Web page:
Reservist

ISS2 2018

Reservist Magazine is the award-winning official publication of the United States Coast Guard Reserve. Quarterly issues include news and feature articles about the men and women who comprise America's premier national maritime safety and security

Issue link: https://uscgreservist.epubxp.com/i/988565

Contents of this Issue

Navigation

Page 12 of 51

continuously deployed to GTMO to provide waterside security at the detention facility located at the base. Over the past year, the Coast Guard has assumed increased responsibility for shore side security as well. Support of this enhanced mission requirement was no small feat as it represented a significant departure from the mission set we have become accustomed to supporting. Through some extremely hard work, we were able to build the force required to sustain this requirement into the future. Even with these many different competing requirements, the Reserve was able to quickly and completely provide all required resources. While this is great news, I can't help but wonder: is this because of the systems we have in place or in spite of them? Is success enough? The current resource environment has led us to make some very difficult choices over the past five years. We have had to sacrifice end strength and discretionary expenses to retain as much of our core strength and capability as possible. As a result, our Reserve force can no longer serve as an "All Threats, All Hazards" workforce. In February of last year, we released our very first Reserve Mission and Vision statements in order to put a distinct point on how we should prioritize our time and resources. I want to ensure that senior leadership understands the training needs in order to prioritize our limited resources. We are also working diligently to integrate the Reserve Component Force Planning System with the emerging Force Planning Construct that will take a holistic view of the personnel requirements necessary to execute daily steady-state missions and meet contingency requirements into the future. This will require the operational and support program managers at Coast Guard Headquarters to take ownership of full-scope personnel requirements in order to better manage operational risk. Strategic priorities In light of our current budgetary and personnel situation, we must take stock of where we are, understand how we got here and set strategic priorities to guide us into the future. To this end, we will focus our attention over the next few years on "Getting the Organization Right," "Getting the Force Right" and "Building Leadership for the Reserve." Getting the organization right Integration of Active and Reserve Component operations has been extremely valuable to the Coast Guard since the mid- 1990's. Integration reduced organizational overhead and placed responsibility for the development and readiness for all Coast Guard personnel squarely on the shoulders of field commanders. That said, integration did not go far enough, leaving a disjointed administrative and resource environment, which does not effectively tie Area contingency response requirements with the ability of Headquarters capability managers to provide the right workforce with the right training at the right time. The Office of Reserve Affairs will work closely with their partners in the Deputy Commandant for Operations (DCO) and the Deputy Commandant for Mission Support (DCMS) to improve alignment and drive synergies in this area through the creation of a Reserve Resource Council. This will bring greater transparency on the impact of DCMS resource decisions to DCO programs than ever before. Getting the force right Efforts to establish clearer mobilization and force requirements for the Reserve will continue to evolve, providing a better sense of the skills required within the Reserve. We will take this information and partner with the Areas, DCO, DCMS and the Force Readiness Command to guide geographically coherent training and recruiting strategies to restore Reserve Sector Miami crew readies a boom at the Port of Miami as part of an Incident Command System (ICS) oil spill exercise at the Port of Miami Jan. 20-21. Photo by Cmdr. Natalie Murphy Issue 2 • 2018 � RESERVIST 11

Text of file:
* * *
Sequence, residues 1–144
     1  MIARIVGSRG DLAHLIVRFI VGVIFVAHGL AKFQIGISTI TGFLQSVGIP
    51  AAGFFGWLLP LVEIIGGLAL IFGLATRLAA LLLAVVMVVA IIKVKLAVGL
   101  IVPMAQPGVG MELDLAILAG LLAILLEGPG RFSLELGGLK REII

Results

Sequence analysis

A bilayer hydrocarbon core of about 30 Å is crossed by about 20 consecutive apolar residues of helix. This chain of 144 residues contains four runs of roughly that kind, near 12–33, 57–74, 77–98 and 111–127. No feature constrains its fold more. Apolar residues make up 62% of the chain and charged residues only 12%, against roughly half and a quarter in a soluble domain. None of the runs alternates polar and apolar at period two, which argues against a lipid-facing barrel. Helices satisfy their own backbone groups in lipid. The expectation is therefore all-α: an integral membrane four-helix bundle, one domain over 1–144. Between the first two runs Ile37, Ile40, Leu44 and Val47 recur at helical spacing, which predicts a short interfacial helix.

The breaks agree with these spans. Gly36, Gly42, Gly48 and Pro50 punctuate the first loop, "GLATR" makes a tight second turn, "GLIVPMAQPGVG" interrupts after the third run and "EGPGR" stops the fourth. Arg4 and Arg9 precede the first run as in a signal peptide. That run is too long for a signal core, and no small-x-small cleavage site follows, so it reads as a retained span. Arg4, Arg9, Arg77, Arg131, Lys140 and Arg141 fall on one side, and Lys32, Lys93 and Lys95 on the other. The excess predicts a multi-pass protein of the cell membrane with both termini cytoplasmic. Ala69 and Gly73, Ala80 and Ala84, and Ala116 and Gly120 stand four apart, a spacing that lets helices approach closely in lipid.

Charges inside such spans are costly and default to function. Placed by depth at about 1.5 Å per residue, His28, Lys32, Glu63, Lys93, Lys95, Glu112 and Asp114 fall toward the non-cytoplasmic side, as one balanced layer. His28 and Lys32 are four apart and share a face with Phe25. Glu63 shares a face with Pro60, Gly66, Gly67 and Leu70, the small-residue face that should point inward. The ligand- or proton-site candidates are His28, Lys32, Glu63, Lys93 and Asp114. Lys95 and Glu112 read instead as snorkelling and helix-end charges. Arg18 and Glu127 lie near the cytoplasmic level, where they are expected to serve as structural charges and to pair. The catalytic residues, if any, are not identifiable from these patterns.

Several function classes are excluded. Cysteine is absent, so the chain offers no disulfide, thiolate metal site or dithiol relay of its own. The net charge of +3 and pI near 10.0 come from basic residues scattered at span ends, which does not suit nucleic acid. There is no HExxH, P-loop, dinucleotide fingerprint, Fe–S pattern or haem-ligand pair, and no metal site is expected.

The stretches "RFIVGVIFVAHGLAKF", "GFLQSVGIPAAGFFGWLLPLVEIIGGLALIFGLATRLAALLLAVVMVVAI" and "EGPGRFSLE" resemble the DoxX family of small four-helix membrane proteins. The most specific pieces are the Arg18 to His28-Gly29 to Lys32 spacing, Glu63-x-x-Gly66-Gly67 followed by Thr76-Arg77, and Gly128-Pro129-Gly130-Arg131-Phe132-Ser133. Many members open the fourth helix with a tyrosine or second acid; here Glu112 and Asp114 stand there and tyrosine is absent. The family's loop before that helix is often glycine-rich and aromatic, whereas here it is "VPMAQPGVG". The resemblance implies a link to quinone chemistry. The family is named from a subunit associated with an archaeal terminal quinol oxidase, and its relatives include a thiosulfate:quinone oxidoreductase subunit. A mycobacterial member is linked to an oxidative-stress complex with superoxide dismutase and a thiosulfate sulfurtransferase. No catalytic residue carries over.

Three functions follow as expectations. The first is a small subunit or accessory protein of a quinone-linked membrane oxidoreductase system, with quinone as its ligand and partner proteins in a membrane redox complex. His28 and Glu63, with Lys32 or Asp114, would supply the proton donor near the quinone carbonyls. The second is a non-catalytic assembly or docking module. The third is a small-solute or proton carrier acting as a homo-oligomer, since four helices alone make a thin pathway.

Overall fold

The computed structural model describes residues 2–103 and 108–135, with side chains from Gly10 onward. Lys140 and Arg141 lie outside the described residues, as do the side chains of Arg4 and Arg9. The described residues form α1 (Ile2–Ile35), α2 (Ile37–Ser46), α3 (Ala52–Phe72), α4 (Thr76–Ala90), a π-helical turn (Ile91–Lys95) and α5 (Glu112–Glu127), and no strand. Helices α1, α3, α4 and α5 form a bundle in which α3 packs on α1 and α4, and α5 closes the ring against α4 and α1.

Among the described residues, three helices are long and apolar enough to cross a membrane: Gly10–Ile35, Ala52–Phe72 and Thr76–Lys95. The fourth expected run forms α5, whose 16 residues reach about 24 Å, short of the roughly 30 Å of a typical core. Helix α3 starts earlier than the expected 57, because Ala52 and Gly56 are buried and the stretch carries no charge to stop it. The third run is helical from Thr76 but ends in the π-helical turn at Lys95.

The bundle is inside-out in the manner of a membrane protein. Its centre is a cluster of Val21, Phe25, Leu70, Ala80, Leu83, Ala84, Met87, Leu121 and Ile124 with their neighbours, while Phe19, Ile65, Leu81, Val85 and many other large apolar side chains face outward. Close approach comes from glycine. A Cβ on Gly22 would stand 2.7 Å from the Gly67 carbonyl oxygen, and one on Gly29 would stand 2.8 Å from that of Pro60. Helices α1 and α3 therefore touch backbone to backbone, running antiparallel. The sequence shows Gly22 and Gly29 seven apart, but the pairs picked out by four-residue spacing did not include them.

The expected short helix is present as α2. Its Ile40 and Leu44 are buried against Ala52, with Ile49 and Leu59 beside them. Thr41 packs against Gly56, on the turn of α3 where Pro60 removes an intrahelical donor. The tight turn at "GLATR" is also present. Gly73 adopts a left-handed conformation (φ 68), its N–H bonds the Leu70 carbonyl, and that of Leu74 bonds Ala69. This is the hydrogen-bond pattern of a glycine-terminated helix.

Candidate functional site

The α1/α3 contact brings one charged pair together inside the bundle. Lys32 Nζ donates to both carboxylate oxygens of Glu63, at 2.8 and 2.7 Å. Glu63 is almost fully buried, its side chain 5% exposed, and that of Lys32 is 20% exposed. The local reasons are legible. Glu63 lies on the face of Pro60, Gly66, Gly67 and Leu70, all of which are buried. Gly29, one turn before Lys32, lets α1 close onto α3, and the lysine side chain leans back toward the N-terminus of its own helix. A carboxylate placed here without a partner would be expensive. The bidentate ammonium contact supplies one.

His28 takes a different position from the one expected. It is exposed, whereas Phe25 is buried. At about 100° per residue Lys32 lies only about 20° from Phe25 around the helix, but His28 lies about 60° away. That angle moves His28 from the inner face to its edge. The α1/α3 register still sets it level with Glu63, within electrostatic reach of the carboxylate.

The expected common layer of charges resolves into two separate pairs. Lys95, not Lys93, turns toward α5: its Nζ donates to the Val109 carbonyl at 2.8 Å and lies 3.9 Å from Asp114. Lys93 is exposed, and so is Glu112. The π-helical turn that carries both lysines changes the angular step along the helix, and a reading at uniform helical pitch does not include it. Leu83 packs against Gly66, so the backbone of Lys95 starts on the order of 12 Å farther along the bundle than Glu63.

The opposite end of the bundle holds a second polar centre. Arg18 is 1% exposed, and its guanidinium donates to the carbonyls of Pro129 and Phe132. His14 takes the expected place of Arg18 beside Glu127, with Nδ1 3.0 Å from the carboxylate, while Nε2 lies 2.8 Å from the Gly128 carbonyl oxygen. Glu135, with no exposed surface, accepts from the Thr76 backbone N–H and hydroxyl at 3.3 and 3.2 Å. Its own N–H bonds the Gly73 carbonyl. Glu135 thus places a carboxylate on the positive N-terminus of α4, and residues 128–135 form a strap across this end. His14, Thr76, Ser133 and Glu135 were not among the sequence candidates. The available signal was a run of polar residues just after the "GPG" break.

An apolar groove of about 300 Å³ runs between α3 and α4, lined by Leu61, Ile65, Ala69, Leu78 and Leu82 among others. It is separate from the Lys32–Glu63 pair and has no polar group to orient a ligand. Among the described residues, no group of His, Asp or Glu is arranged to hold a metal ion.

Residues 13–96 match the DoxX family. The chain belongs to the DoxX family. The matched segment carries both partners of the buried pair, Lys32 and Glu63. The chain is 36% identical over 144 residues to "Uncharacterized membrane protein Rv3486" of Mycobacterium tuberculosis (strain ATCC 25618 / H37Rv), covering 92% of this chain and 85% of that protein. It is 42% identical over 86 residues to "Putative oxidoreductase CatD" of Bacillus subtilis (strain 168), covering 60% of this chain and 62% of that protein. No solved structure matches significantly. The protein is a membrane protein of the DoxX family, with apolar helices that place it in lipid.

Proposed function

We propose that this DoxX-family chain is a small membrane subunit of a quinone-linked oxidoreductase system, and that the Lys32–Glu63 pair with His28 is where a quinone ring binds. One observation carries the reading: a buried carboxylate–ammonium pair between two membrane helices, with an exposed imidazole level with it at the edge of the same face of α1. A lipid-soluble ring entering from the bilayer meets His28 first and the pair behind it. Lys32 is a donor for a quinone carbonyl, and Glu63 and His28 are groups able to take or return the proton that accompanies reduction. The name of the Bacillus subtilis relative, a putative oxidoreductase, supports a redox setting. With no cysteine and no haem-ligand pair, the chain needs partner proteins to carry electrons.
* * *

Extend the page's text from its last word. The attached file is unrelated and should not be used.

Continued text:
Articles in this issue

Archives of this issue

view archives of Reservist - ISS2 2018